From the very beginning, it is visually explicit in the poster and in the film that “Bashtaalak sa’at” are just two words, while “Shall I compare you…” is such a huge sentence. Therefore, we are trying from the beginning of the film, and throughout the film, to send a message that there is Arabic and there is English, and we are doing our best to translate, but this translation will never be enough.

Indeed, this was part of the inception of the concept; in my own head the film had two titles. I wanted to name it “Bashtaalak sa’at” and “Shall I compare you to a summer’s day?” This is a very personal title for me, and it is also a reference to one of the stories in the film. This was also my instinctive thought at the beginning, but later on I found out that it works well with the idea of the film. I am seriously attempting through the film to place Arab pop as a serious genre.

Q: Could you elaborate more on this point? What do you mean by placing Arab pop as a serious genre?

MSH: I feel that most of the cinematic or even contemporary art work dealing with Arab pop treats it as a parody or something to make fun of. But I think it is a serious genre. I listen to Arab pop, I like it and I respect it. So for me it was interesting to use the title of an Arab pop song as the title, and put it exactly on the same level with a Shakespeare sonnet. All the time, whether through Shehrazad or the songs or all those things, they are on the same level, the same serious level. In other words, the film is blurring the lines between what is considered high and low art.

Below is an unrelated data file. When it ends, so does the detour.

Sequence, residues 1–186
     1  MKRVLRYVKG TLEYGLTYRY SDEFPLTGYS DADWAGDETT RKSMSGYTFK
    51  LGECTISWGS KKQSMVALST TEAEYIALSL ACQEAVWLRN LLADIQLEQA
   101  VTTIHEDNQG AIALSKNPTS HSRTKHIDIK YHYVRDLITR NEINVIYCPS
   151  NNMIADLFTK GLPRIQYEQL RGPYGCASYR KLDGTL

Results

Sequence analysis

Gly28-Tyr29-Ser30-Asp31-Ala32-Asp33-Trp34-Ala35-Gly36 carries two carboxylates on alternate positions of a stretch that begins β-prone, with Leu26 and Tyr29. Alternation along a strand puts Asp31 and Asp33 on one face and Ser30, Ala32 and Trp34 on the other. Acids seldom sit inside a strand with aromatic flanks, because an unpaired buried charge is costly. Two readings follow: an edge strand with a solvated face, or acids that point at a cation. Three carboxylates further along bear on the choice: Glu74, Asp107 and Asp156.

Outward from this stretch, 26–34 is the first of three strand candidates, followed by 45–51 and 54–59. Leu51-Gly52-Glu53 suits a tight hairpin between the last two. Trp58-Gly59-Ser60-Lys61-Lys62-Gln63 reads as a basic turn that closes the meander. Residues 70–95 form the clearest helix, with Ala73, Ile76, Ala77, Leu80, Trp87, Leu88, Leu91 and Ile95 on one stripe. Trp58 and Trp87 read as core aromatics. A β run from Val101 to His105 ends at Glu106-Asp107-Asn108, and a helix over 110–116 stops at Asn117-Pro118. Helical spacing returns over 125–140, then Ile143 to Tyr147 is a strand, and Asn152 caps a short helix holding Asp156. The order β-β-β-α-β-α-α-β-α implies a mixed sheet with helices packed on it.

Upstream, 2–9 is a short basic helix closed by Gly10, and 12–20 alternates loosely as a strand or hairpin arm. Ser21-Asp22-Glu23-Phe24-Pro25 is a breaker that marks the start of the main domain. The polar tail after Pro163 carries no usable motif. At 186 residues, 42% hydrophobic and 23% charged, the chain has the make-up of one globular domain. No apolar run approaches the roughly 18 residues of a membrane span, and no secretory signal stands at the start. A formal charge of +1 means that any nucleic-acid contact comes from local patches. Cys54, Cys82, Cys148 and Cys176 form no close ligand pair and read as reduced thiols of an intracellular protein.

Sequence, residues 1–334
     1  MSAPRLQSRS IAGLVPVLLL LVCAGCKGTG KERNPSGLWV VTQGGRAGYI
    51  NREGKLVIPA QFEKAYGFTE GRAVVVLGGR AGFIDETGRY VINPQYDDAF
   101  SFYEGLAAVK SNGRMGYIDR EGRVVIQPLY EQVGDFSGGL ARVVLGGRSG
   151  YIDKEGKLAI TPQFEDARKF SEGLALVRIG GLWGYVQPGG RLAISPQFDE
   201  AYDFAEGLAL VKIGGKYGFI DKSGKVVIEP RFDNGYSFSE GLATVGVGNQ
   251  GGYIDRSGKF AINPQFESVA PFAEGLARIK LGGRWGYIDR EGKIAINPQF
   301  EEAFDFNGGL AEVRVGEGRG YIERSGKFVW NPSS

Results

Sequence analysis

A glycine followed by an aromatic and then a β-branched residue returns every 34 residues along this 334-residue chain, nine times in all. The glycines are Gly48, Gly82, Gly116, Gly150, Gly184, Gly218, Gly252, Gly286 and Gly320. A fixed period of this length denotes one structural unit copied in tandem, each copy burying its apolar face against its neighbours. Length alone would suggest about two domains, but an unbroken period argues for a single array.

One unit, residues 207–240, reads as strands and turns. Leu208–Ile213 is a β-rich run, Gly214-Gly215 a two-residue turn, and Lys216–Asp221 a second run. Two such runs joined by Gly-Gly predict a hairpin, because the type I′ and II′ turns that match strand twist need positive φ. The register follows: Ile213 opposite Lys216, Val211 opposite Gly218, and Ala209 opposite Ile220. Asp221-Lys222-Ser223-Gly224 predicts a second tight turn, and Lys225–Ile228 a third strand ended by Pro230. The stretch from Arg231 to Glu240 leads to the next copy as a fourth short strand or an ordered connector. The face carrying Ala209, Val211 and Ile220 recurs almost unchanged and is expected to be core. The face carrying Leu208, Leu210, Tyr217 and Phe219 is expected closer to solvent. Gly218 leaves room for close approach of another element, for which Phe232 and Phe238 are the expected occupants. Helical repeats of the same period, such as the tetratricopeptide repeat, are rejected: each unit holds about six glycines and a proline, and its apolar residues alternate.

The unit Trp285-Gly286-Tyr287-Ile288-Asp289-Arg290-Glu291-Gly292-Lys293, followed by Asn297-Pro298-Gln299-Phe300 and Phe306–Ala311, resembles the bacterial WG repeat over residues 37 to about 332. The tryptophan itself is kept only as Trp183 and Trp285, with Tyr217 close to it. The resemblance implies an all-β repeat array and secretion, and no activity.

Q: The title of the film is the name of a song. The film begins with a famous Egyptian song, sung by a very strong male voice on a black screen. Why did you rely on implementing songs rather than narration in many scenes?

MSH: First of all, the song in Arabic on a black background is an introduction to the idea of the film, which is a very sonic film. If you listened to the film, and we did try to do that, just play it as a soundtrack on its own, actually it could work. I mean, of course it will be different. But we are used to, and this is what we study at the academy or in universities: “Film is image.” In my opinion, this is not the case, film is very much both, and sound is as important as the image in my films, and from the beginning we are sending several messages:

As soon as you listen to the choir in the cinema, instead of ten minutes of narration, by listening to the song, already many things are taking place in the first two minutes. We get to know that this is a sonic film. We know that songs are an important part of the film. We know that there is a choir, just like the traditional choir in the Greek theater. It is intertwined with the events. The song is not translated, so we perceive it as sound more than a comprehensible language.